Billy Moon accepts an offer to move into a long-abandoned, isolated house. Even though he lived in the area for a year, no one ever mentioned the Forth House to him. The townsfolk kept silent about the house.
His recent friend and boss Tom Howell bought the house at an auction. He was not familiar with the area. After he hired Billy, they went to look at several properties Tom purchased at an auction.
The Forth House was their first stop. They noticed that it was immaculate inside. Even though no one lived there. Billy noticed a mirror at the end of the hall. And the mirror noticed him.
Billy's reason for living was his beautiful wife Laura. Three years into their marriage she was miserable. They worked hard but struggled for money. He wanted to move her into the two-story house, assuming she would love it. Billy ignored warning signs. He did not understand the horror that awaited them in that house. And he put in danger his beloved wife, his sanity and his soul.
We begin on a scorching July day in a small town in rural Tennessee. Billy Moon and his beautiful wife Laura were on their way to Atlanta, Georgia. When their old Ford truck overheated, forcing them off the road. Sunshine Pass was as far as they made it. Billy could repair the truck himself, but they had no money for a water pump.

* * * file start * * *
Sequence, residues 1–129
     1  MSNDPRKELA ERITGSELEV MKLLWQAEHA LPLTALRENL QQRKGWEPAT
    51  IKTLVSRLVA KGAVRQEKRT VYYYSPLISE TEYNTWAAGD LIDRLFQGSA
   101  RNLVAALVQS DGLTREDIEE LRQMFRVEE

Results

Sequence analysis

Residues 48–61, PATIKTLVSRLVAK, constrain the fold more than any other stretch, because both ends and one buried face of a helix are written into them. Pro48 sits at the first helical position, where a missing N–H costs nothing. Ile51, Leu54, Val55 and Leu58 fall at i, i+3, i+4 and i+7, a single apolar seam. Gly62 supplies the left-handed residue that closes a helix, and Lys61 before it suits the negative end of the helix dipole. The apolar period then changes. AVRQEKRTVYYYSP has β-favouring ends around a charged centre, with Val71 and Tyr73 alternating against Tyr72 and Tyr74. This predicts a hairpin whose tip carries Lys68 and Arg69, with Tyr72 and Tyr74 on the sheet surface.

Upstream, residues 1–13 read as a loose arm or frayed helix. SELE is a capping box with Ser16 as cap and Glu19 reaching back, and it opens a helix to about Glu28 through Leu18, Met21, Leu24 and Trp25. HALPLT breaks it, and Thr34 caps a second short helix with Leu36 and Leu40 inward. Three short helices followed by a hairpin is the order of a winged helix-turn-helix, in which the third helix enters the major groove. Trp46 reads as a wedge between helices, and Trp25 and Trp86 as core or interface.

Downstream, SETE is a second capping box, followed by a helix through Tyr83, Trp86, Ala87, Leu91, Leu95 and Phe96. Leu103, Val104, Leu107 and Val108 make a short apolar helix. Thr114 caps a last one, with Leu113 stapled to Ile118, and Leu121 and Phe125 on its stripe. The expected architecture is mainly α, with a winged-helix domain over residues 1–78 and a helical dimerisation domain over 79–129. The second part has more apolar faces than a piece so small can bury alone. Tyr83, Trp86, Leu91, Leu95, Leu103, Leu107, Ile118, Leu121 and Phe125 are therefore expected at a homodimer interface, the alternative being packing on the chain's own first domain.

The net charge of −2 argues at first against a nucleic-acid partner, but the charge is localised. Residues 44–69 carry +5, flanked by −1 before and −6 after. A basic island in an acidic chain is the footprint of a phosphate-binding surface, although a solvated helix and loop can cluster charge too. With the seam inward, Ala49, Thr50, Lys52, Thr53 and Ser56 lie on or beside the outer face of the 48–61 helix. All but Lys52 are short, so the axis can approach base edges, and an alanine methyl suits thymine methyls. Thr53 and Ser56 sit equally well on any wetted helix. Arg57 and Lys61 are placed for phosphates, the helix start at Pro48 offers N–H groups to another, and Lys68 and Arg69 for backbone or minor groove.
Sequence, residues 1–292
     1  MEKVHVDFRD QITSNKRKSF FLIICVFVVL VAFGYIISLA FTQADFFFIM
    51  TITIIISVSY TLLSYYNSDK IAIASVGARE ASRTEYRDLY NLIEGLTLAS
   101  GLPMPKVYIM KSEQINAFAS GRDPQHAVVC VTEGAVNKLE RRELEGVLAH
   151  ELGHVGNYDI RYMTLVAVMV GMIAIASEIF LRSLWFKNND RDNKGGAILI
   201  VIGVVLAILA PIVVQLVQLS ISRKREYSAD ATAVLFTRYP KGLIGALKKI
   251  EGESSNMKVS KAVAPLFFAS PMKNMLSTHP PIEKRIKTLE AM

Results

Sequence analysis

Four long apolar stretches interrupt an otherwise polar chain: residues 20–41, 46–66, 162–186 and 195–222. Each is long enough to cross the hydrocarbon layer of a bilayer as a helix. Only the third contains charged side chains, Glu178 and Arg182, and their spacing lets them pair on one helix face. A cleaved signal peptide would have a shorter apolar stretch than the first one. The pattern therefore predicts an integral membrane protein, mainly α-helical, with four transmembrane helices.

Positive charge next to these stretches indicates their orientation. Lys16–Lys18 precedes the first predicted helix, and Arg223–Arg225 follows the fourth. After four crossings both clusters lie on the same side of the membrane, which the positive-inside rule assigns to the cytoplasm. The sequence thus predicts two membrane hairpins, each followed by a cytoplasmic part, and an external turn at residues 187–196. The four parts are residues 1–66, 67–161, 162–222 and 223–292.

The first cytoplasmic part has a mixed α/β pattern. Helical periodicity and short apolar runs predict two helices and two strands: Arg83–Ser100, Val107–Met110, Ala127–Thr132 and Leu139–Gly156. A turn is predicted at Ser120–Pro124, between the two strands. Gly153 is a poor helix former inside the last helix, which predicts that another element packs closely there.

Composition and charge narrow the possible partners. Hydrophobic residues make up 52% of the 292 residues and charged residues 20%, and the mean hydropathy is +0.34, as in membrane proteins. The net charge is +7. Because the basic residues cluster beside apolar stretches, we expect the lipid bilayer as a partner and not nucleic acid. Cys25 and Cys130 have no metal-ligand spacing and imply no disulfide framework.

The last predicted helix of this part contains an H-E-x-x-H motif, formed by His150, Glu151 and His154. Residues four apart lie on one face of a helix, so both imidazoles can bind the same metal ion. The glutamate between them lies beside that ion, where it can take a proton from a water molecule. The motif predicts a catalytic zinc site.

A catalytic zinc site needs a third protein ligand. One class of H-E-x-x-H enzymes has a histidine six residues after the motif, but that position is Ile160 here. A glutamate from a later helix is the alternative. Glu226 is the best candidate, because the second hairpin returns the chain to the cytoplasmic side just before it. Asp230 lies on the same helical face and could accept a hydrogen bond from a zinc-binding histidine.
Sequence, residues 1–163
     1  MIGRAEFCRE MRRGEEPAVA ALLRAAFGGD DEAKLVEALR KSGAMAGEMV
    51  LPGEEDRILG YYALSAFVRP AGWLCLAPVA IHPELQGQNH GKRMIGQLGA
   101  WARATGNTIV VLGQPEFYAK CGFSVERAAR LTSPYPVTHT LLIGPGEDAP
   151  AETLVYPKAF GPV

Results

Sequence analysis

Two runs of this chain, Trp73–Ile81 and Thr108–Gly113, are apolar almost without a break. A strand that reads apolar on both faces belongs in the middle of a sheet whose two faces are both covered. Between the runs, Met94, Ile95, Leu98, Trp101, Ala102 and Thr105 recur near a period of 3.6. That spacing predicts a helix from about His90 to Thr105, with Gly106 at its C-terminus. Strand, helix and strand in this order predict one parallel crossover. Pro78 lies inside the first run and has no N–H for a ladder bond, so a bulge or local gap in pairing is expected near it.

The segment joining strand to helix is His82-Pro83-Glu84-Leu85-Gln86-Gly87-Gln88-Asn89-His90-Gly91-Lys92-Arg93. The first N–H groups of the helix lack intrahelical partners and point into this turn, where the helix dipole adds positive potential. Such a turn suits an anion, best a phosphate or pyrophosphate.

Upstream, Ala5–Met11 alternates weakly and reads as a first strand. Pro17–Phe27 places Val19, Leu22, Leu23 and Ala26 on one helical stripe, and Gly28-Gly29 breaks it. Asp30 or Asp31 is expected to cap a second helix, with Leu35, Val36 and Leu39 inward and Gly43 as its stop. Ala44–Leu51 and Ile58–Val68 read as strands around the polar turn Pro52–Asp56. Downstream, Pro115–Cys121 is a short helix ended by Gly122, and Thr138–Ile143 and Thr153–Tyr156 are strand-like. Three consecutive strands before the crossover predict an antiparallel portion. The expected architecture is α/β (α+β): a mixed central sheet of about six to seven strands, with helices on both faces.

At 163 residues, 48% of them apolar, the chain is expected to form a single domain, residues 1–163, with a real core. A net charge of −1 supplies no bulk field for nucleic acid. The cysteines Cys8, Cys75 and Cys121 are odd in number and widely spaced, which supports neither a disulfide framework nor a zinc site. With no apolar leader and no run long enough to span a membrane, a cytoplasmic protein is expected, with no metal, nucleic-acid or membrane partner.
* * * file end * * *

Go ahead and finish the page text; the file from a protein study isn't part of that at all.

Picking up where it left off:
They looked for work. Billy landed a few odd jobs. He worked hard and built an excellent reputation. Laura became a cashier at Foster’s Food King. The couple rented a trailer for two hundred dollars a month. Which Billy worked off by taking care of the grounds around the trailer park. The mobile homes were old. Several of them housed elderly or disabled residents surviving on fixed incomes.
Sunshine Pass had a bank, a post office, a hardware store, a diner, and Foster’s Food King. The townsfolk migrated from the surrounding farmland to Sunshine Pass. It was quiet after ten p.m. Outsiders faced a community that was cordial but closed.
Locals reserved the right to reject anyone who did not grow up within twenty miles of town. You could shop, buy gas, food, even get a job. However, you were still a visitor. And as your host, the townsfolk put on their best face just for you...
Townsfolk never discussed the Forth house. They stayed away from it. Most learned as children not to get too close to the old house. Those who did disappeared. Some said knowing the house existed was a curse.
Billy Moon was twenty- nine years old he didn’t go to college. Sometimes he felt like time was running out on him and Laura. Billy knew Laura deserved better. If he could not make a better life for her, he would lose her. Day and night he racked his brain thinking of ways to make money.